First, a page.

The Ponytail Palm is misleadingly named because it is not a palm at all, and in fact, it is not even a tree. Instead, it is a type of succulent that belongs to the Agave family, and it grows in desert, rainforest, and mountain environments.
In the wild, the Ponytail Palm is a critically endangered species. Despite once being native to several states in Mexico, it now grows only in one. However, as a houseplant, the Ponytail Palm is quite widespread, and it remains popular across the world when grown indoors. Here we explore the origins of the Ponytail Palm and delve into the best ways to care for it as both a garden specimen and as a houseplant.
- Botanical name: Beaucarnea recurvata
- Common names: Ponytail Palm, Bottle Palm Tree, Elephant Foot Palm
- Plant family: Asparagaceae
- USDA hardiness zone: 9 – 12
- Mature height: 1 foot to 30 feet
- Mature spread: 2 to 10 feet
Table of Contents
What is a Ponytail Palm?
The Ponytail Palm Tree is a type of evergreen perennial succulent, which is neither a true palm nor a true tree. Palms all belong to the Arecaceae family, while the Ponytail Palm is a member of the Asparagaceae or Agave family. The Ponytail Palm has a single slender stem that closely resembles the trunk of a palm tree.
It is swollen at the base, creating a shape similar to an elephant’s foot or a longneck bottle, which is why the plant is also commonly called a Bottle Palm and an Elephant Foot Palm. The swollen base of the stem is where moisture and nutrients are held, and this enables the plant to survive through extended periods of drought by feeding itself with its own reserves.
At the top of each stem is a large tuft of strap-like leaves, which are thick and leathery in texture. This somewhat messy tuft is what represents a ponytail in the common name of the plant.
Ponytail palms are critically endangered in their natural environment as a result of the destruction of their habitat. They are popularly grown as houseplants, especially in Europe, and also as ornamental outdoor plants in temperate climates. In their natural habitat, the Ponytail Palm can reach between 20 and 30 feet in height, with a width of around 10 feet.
When kept indoors as a houseplant, the Ponytail Palm rarely exceeds 4 to 6 feet in height and can even top out as small as one foot tall. These plants are slow growing in any environment and will not flower until around ten years of age. When they flower, the plant produces clusters of small white or cream blossoms. Indoor Ponytail Palms rarely produce flowers.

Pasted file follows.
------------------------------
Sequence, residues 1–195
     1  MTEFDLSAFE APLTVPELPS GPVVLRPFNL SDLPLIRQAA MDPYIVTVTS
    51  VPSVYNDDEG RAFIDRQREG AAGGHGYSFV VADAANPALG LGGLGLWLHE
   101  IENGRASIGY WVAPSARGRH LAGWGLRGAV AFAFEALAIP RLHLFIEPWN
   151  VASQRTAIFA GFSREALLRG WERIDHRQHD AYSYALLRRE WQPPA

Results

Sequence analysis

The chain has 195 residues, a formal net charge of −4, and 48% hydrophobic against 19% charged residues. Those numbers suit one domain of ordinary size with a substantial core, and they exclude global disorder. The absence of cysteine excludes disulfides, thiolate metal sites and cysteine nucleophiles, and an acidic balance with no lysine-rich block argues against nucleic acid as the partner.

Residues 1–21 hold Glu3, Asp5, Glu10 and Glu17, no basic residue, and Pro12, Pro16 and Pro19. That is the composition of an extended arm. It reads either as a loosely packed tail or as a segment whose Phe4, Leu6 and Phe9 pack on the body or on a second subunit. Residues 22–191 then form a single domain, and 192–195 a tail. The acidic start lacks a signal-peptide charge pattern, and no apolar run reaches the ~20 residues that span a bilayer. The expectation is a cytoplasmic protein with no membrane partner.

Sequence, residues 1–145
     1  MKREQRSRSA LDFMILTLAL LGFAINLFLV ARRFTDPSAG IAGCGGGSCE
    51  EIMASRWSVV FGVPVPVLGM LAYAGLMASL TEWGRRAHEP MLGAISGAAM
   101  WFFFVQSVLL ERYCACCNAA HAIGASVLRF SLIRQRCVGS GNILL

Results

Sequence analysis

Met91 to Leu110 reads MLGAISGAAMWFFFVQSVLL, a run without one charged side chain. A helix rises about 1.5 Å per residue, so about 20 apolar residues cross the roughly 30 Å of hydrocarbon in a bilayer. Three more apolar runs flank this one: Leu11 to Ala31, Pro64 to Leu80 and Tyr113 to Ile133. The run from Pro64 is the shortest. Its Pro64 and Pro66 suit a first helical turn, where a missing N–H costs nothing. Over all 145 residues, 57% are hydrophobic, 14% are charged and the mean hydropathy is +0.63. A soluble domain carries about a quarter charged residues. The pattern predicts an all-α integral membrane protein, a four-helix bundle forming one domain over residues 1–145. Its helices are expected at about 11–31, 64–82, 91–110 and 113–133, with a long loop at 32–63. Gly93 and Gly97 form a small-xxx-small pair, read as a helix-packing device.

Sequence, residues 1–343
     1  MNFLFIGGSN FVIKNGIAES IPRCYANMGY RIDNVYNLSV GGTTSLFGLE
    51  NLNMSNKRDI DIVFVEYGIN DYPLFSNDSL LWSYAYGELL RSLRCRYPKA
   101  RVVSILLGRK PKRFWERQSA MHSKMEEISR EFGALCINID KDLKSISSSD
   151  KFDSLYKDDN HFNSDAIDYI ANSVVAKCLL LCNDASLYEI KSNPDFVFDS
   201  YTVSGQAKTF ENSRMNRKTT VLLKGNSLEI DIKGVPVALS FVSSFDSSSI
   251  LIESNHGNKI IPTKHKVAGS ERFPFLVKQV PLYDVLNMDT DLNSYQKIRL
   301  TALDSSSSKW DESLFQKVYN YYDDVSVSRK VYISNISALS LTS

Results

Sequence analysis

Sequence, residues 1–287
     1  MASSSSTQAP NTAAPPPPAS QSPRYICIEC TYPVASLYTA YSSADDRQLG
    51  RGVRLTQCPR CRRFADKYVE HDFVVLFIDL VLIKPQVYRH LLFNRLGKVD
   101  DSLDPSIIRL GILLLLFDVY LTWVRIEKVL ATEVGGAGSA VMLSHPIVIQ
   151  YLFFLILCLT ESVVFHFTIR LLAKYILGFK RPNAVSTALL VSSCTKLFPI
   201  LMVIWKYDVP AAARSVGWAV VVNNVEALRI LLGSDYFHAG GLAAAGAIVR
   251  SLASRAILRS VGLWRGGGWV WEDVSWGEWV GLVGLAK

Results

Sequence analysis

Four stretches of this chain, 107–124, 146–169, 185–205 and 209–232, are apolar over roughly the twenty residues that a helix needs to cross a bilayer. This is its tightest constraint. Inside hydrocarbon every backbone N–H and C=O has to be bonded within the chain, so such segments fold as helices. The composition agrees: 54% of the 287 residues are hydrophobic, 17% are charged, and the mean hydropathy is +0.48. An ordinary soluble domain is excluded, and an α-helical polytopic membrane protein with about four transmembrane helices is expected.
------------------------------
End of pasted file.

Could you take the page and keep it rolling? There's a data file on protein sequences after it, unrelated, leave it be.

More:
Origins of the Ponytail Palm Tree
Ponytail Palms are native to the arid semi-desert areas of southeastern Mexico, Guatemala, and Belize. They also grow in the wild on cliffs and mountainsides, where the soil is rocky and infertile.
They were first discovered by a French explorer in the 1870s, who brought the plant back to Europe, where it became a popular decorative houseplant.
How to Care for Ponytail Palm Tree
Ponytail palms require very little care, and actually, they will thrive on neglect as long as they are positioned in a suitable environment.
These plants thrive in full sun, but they can also perform well in partial shade. When kept as a houseplant, they should be kept in a bright spot with several hours of direct sunlight each day, for example, in a sunny window.
When grown outdoors, the Ponytail Palm can be positioned in full sun or beneath the dappled shade of a taller tree. In the hottest climates, the plant can benefit from some afternoon shade, but in most cases, it will fare just fine in full or partial sunlight.
Ponytail palms will adapt to most types of well-draining soil. They cannot survive in wet or waterlogged environments, so soil that is able to drain in the event of heavy rainfall is essential.
Gritty, rocky, or sandy soils will be ideal for this plant. If your soil is not well draining, amend it with sand and gravel before planting the Ponytail Palm. For indoor Ponytail Palms, a cacti or succulent soil mix will be best, as these have better drainage qualities than regular houseplant soil.
The Ponytail Palm is extremely tolerant of drought and can withstand dry periods for many months. This is a result of the water that is stored in the swollen base of the plant stem, which it can use to sustain itself in the absence of moist soil. When a Ponytail Palm is grown as a houseplant, it should be watered occasionally throughout spring and summer, which is the growing season.